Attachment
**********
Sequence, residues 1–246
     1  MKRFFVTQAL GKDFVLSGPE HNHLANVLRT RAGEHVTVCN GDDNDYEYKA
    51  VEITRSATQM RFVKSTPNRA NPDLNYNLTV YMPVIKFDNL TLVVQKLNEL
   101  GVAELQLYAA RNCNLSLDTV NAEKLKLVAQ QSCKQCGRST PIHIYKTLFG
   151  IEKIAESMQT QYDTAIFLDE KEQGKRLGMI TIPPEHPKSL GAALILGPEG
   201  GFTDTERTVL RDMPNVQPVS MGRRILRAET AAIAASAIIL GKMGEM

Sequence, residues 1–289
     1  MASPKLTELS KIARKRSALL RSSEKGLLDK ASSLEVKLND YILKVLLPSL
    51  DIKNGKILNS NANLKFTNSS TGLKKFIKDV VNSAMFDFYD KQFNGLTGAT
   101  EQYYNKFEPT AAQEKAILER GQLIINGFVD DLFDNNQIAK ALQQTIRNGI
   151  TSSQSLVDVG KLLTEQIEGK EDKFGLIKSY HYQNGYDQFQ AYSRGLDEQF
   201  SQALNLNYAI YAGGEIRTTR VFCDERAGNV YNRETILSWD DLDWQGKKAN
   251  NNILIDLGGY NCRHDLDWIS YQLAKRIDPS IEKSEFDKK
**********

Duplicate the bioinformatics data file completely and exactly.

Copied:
Sequence, residues 1–246
     1  MKRFFVTQAL GKDFVLSGPE HNHLANVLRT RAGEHVTVCN GDDNDYEYKA
    51  VEITRSATQM RFVKSTPNRA NPDLNYNLTV YMPVIKFDNL TLVVQKLNEL
   101  GVAELQLYAA RNCNLSLDTV NAEKLKLVAQ QSCKQCGRST PIHIYKTLFG
   151  IEKIAESMQT QYDTAIFLDE KEQGKRLGMI TIPPEHPKSL GAALILGPEG
   201  GFTDTERTVL RDMPNVQPVS MGRRILRAET AAIAASAIIL GKMGEM

Sequence, residues 1–289
     1  MASPKLTELS KIARKRSALL RSSEKGLLDK ASSLEVKLND YILKVLLPSL
    51  DIKNGKILNS NANLKFTNSS TGLKKFIKDV VNSAMFDFYD KQFNGLTGAT
   101  EQYYNKFEPT AAQEKAILER GQLIINGFVD DLFDNNQIAK ALQQTIRNGI
   151  TSSQSLVDVG KLLTEQIEGK EDKFGLIKSY HYQNGYDQFQ AYSRGLDEQF
   201  SQALNLNYAI YAGGEIRTTR VFCDERAGNV YNRETILSWD DLDWQGKKAN
   251  NNILIDLGGY NCRHDLDWIS YQLAKRIDPS IEKSEFDKK